The article, “Chemical genetic discovery of targets and anti-targets for cancer polypharmacology” by Arvin C. Dar, Tirtha K. Das, Kevan M. Shokat and Ross Cagan appears in the June 7, 2012 issue of the journal Nature.
This work was supported by the American Cancer Society, The Waxman Foundation, and the National Institutes of Health—through grants R01CA109730, R01CA084309, R01EB001987 and P01 CA081403-11.
UCSF is a leading university dedicated to promoting health worldwide through advanced biomedical research, graduate-level education in the life sciences and health professions, and excellence in patient care.
Jason Socrates Bardi | EurekAlert!
One step closer to reality
20.04.2018 | Max-Planck-Institut für Entwicklungsbiologie
The dark side of cichlid fish: from cannibal to caregiver
20.04.2018 | Veterinärmedizinische Universität Wien
University of Connecticut researchers have created a biodegradable composite made of silk fibers that can be used to repair broken load-bearing bones without the complications sometimes presented by other materials.
Repairing major load-bearing bones such as those in the leg can be a long and uncomfortable process.
Study published in the journal ACS Applied Materials & Interfaces is the outcome of an international effort that included teams from Dresden and Berlin in Germany, and the US.
Scientists at the Helmholtz-Zentrum Dresden-Rossendorf (HZDR) together with colleagues from the Helmholtz-Zentrum Berlin (HZB) and the University of Virginia...
Novel highly efficient and brilliant gamma-ray source: Based on model calculations, physicists of the Max PIanck Institute for Nuclear Physics in Heidelberg propose a novel method for an efficient high-brilliance gamma-ray source. A giant collimated gamma-ray pulse is generated from the interaction of a dense ultra-relativistic electron beam with a thin solid conductor. Energetic gamma-rays are copiously produced as the electron beam splits into filaments while propagating across the conductor. The resulting gamma-ray energy and flux enable novel experiments in nuclear and fundamental physics.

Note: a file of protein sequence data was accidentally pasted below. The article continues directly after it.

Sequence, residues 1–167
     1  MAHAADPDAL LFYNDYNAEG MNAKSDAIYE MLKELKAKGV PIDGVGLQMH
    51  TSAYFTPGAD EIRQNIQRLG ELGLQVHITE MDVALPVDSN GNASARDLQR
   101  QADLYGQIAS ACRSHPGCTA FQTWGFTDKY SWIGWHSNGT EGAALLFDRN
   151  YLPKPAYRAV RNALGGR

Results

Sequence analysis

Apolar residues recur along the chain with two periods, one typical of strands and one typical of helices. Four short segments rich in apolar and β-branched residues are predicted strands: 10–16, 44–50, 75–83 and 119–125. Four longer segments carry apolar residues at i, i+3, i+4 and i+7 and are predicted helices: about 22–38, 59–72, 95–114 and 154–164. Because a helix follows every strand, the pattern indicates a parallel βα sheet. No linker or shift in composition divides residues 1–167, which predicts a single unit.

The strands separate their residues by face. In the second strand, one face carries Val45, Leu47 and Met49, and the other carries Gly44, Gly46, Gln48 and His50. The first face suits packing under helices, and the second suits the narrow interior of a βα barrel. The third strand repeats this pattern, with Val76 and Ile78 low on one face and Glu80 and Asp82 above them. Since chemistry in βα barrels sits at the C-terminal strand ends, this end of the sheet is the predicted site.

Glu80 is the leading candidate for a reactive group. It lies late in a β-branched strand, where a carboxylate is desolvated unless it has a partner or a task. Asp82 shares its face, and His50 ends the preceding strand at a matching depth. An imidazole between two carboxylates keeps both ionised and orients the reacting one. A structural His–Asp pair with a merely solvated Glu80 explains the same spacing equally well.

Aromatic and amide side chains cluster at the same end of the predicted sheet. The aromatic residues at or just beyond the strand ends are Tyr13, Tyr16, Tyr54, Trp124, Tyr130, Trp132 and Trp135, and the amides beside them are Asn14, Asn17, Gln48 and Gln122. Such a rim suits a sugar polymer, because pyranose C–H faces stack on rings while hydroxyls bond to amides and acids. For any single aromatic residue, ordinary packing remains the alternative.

The typical wavelength of light interacting with an object of the microcosm scales with the size of this object. For atoms, this ranges from visible light to...
Stable joint cartilage can be produced from adult stem cells originating from bone marrow. This is made possible by inducing specific molecular processes occurring during embryonic cartilage formation, as researchers from the University and University Hospital of Basel report in the scientific journal PNAS.
Certain mesenchymal stem/stromal cells from the bone marrow of adults are considered extremely promising for skeletal tissue regeneration. These adult stem...
In the fight against cancer, scientists are developing new drugs to hit tumor cells at so far unused weak points. Such a “sore spot” is the protein complex...
13.04.2018 | Event News
12.04.2018 | Event News
09.04.2018 | Event News
20.04.2018 | Physics and Astronomy
20.04.2018 | Interdisciplinary Research
20.04.2018 | Physics and Astronomy